Atopic Dermatitis (AD) or eczema is a chronic relapsing inflammatory disease that affects 1-3% of the adults and up to 25% of the children in the United States. Patients with severe AD will be studied during a 24-week study with systemic cyclosporine (Neoral, capsule form) to evaluate the immune suppression and pathological correlation of cyclosporine A in these patients in order to determine the extent to which immune activation drives the pathological epidermal phenotype.
Primary Outcome Measures:
- SCORAD Change Score [ Time Frame: 12 weeks ]
SCORAD ("SCORing Atopic Dermatitis") is a clinical tool for assessing the severity (i.e., extent, intensity) of atopic dermatitis (AD) as objectively as possible with scores ranging from 0-100. The higher the score indicates more severe AD. For this outcome the SCORAD change score is computed as an absolute number which is comparing improvement in the SCORAD score of participants at week 12 compared to their SCORAD score at baseline.
Secondary Outcome Measures:
| Study Start Date:
| Study Completion Date:
| Primary Completion Date:
||December 2014 (Final data collection date for primary outcome measure)
Experimental: Cyclosporine A
5 mg/kg for first 4 weeks, followed by tapering to 1 mg/kg for 12 weeks until discontinuation at 16 weeks.
Drug: Cyclosporine A
5 mg/kg for first 4 weeks, followed by tapering to 1 mg/kg for 12 weeks until discontinuation at 16 weeks
Other Name: Neoral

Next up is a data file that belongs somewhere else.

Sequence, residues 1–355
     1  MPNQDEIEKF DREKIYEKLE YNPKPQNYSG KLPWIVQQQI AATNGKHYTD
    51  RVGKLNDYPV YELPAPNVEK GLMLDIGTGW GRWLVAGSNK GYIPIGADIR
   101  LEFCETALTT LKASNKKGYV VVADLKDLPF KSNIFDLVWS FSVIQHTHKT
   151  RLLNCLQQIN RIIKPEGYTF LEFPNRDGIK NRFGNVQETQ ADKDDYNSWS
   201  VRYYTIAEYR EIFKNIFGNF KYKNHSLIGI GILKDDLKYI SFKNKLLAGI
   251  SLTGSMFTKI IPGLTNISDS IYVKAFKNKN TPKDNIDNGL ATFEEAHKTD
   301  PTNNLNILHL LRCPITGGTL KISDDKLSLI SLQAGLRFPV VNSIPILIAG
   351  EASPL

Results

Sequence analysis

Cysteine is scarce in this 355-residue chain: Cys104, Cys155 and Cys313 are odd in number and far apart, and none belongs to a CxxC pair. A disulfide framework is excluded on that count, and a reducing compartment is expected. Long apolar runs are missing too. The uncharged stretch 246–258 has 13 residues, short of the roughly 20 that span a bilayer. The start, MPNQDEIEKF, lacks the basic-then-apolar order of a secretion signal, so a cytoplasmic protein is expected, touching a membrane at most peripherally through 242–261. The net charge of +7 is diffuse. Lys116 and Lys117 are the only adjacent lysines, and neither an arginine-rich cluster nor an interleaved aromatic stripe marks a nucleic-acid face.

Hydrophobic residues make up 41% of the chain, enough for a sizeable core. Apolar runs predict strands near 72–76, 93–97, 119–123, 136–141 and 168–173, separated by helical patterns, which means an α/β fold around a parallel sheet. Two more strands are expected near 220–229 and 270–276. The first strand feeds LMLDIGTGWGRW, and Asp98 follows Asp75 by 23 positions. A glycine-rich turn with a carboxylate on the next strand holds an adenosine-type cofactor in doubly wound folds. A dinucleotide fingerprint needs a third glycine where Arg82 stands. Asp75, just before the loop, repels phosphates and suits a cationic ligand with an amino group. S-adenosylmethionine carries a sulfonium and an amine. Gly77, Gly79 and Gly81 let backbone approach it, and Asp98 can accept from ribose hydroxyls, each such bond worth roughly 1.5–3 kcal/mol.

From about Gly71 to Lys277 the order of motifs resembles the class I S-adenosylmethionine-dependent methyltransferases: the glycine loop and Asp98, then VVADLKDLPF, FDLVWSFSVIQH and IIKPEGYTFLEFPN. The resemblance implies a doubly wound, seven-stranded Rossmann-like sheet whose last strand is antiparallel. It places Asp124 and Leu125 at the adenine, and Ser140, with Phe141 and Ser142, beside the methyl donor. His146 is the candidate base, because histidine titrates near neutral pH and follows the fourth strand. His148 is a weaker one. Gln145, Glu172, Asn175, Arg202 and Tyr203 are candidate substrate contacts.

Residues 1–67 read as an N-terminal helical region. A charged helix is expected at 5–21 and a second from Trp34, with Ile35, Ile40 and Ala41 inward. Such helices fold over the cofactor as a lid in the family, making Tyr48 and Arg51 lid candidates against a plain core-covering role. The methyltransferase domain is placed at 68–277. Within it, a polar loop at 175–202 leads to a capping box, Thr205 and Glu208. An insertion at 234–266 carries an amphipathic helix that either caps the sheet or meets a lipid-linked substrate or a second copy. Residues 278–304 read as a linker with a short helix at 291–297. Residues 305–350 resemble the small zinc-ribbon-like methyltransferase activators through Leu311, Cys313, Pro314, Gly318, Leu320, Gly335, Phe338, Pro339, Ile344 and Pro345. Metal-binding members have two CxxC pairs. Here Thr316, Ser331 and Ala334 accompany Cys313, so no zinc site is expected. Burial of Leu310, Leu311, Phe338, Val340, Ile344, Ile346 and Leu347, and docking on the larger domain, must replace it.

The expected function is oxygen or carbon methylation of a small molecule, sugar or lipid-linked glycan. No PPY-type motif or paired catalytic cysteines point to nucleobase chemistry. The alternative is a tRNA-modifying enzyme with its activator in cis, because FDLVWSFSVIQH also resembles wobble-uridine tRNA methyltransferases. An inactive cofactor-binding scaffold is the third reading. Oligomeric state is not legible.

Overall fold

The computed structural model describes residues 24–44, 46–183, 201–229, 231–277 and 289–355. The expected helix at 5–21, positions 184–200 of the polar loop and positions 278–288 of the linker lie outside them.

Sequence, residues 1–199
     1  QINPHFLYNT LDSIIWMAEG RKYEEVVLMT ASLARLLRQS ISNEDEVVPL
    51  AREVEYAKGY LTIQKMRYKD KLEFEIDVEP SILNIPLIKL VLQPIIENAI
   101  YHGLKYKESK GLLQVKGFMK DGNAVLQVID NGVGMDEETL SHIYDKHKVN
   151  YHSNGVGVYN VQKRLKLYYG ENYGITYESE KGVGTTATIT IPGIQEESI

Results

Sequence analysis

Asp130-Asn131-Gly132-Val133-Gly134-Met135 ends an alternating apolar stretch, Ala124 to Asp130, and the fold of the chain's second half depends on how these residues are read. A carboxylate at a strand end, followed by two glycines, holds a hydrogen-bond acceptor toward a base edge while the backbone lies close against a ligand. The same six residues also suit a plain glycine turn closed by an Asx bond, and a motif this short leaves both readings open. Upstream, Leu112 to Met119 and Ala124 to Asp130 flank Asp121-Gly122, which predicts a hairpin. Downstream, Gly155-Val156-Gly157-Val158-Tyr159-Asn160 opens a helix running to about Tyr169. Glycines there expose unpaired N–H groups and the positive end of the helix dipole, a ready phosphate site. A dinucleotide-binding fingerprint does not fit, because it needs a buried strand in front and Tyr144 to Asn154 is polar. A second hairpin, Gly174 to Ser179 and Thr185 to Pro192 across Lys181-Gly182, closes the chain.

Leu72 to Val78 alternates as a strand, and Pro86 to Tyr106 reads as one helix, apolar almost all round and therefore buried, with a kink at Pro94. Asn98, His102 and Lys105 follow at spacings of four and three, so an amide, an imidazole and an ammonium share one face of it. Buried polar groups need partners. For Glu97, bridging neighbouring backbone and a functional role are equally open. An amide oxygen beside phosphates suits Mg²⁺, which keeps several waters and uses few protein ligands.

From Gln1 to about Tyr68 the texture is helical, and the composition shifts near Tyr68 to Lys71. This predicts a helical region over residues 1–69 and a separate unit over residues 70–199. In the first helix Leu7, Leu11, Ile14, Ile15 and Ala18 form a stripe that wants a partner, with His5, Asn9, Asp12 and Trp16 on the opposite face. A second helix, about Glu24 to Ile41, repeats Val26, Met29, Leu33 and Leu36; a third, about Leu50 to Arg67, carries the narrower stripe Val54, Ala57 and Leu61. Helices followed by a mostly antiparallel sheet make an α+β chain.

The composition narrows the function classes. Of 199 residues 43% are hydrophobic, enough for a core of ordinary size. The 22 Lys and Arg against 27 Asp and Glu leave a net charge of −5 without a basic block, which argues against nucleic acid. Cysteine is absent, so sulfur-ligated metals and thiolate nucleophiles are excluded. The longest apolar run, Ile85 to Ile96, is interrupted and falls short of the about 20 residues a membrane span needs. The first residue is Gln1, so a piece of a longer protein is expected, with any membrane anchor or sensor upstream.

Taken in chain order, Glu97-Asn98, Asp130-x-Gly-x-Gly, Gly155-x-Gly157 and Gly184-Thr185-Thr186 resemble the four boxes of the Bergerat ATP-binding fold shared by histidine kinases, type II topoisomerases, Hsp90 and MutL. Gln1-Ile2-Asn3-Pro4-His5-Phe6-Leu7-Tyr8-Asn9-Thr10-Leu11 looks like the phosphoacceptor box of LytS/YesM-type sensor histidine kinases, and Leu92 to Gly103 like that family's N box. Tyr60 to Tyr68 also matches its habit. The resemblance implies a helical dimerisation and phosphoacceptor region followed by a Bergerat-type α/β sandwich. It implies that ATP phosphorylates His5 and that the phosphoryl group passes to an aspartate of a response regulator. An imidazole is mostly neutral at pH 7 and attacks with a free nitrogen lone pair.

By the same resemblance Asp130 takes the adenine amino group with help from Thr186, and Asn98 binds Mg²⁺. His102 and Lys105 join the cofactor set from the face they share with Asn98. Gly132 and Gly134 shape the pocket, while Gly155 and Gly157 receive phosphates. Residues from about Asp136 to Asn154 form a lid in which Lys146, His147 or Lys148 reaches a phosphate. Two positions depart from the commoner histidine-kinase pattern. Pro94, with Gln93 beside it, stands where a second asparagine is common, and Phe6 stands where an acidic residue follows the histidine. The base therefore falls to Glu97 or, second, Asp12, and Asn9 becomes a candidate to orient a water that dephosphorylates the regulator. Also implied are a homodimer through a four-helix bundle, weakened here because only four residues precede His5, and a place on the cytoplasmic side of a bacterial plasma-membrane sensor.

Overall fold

Patients will be first screened to be sure they are healthy (aside from atopic dermatitis) with a physical exam, and lab tests. These lab tests consist of CBC, biochemical profile, hepatitis B and C profile, urine analysis, HIV, PPD, and urine pregnancy test (if applicable). Patients will return in 2 to 3 days for PPD reading. A repeat serum creatinine will be drawn at this time so as to have 2 baseline values. Patient will begin taking cyclosporine at 5 mg/kg of body weight in 2 divided daily doses for 12 weeks, and after this period the dose will be reduced by 1mg/kg per week (the tapering down will start at 12 weeks of treatment), so that cessation of treatment will occur after 16 weeks from the start of treatment. Patients will then be followed in clinic for an additional 8 weeks for a potential relapse, and if a relapse will occur topical treatment with corticosteroids, immune-modulators or phototherapy may be instituted. Patients will be seen in the outpatient clinic at baseline, wks 1,2, 4, 6, 8, 10, and 12 and every 2weeks until completion of a 24-week study. Biopsies (of lesional and non-lesional skin) will be done to assess histological response at baseline, week 2, week 6 (optional), week 12 and at relapse (optional). Bloods for safety analysis and pregnancy test (if applicable) will be done at each visit, and vital signs will be measured at that time. Serum IgE, eosinophils, and serum cytokines will be done at baseline, and every 2 weeks until week 16, and at week 24. At each visit patients will be assessed for adverse events. Clinical assessment, and ultrasound, will be done at each visit. The most widely accepted clinical assessment tool is known as SCORAD (SCORing for Atopic Dermatitis). This tool combines clinical features of AD such as erythema, dryness, lichenification, percent body surface area, as well as quality of life issues such as pruritus and loss of sleep due to disease. Another assessment tool we will be using is the static IGA (investigator global assessment). The IGA represents an overall evaluation of dermatitis performed by the investigator at every visit. IGA scores utilize a 6-point scale, ranging from 0 (clear) to 5 (very severe disease). IGA scores measure disease severity based on morphology, without referring back to the baseline state. Ultrasound study provides an alternate, non-invasive method of assessing disease activity in the skin. Clinical photos will be done at weeks 0, 6, 12, 16, and 24.In this study, we would like to determine whether AD, like psoriasis, is an immune-driven disease of epidermal hyperplasia and differentiation. To establish the immune contribution to AD, we will treat patients with standard doses of CsA and measure the extent of immune suppression in skin lesions by quantitative measures of pathological leukocytes and expression of inflammatory gene products. At the end of 12 weeks of treatment we will determine whether pathological epidermal hyperplasia is reversed by quantitative and qualitative measures of epidermal hyperplasia and aberrant epidermal differentiation. In addition, we will correlate the extent to which the epidermal phenotype is modulated with the extent to which skin inflammation is suppressed, as the effect of suppression of specific inflammatory molecules on resulting keratinocyte responses is not known. The alternative hypothesis in AD is that it is not an immune-mediated disease, but instead a disease of primary epidermal differentiation due to germline alterations (gene deletions) in filaggrin and other genes that cooperate to differentiate a normal epidermal barrier at the level of stratum corneum. The alternative hypothesis is considered to be the most likely patho-mechanism in AD by a number of current researchers. The alternative hypothesis would be supported by this study if pathologic epidermal hyperplasia persists in the skin regions with significant suppression of the immune/inflammatory pathways induced by CsA treatment.